Monday, October 10, 2005

Big difference between filing patent app and introducing commercial product

A line at tvg has some wisdom that some business/legal academics overlook: Now naturally there’s a big difference between filing for a patent and releasing a peripheral onto the shop shelves,... Checking for things like novelty is the job of the USPTO; checking for commercializability is the job of businessmen.

Prior to the unveiling of the Revolution's controller, Nintendo was adamant that others would copy its vision, however they probably weren’t expecting others to follow suit so quickly. Based on a published patent application, it appears Sony may have plans to introduce a movement wand similar in scope to the Revolution’s controller.

If Sony's device does come to fruition it means that Sony had been thinking about this concept prior to January 2004 – it’s either a case of “great minds…” or they had their AIBO spies infiltrate Nintendo’s Kyoto headquarters. [info from tvg;]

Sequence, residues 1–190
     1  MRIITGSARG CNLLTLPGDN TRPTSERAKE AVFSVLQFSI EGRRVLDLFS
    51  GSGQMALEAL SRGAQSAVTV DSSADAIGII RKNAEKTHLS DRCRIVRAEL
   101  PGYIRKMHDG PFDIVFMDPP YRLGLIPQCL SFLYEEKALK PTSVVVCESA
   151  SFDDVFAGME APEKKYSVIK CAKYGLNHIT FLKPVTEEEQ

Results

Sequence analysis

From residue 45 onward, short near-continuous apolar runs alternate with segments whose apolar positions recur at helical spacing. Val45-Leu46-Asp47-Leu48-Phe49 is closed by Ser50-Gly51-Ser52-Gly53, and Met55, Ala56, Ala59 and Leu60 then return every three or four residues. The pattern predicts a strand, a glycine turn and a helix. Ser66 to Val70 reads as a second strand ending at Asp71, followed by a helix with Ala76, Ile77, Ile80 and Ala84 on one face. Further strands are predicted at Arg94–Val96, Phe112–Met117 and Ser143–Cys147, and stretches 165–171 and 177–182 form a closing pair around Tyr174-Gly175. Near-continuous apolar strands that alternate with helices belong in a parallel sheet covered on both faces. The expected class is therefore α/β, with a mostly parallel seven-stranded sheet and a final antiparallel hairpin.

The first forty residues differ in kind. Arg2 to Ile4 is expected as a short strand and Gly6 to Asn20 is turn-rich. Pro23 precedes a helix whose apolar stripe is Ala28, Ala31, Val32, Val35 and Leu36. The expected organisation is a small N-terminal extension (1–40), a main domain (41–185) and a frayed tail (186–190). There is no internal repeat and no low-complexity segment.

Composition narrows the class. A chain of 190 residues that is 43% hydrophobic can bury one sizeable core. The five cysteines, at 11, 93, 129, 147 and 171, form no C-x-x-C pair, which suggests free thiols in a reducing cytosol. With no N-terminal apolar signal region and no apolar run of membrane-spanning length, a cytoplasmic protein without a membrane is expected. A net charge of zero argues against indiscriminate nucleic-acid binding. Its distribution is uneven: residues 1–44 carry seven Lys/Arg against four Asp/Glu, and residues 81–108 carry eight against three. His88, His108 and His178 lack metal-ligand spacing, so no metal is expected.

Recall that in the case of the transistor, there were competing groups both in the US and in France that were right behind Bell Labs back in 1947. In the case of the integrated circuit, there was a patent interference between Texas Instruments and Fairchild. The interference was ultimately won by Fairchild, but Texas Instruments made the better (later) business deals, especially as to Japan.


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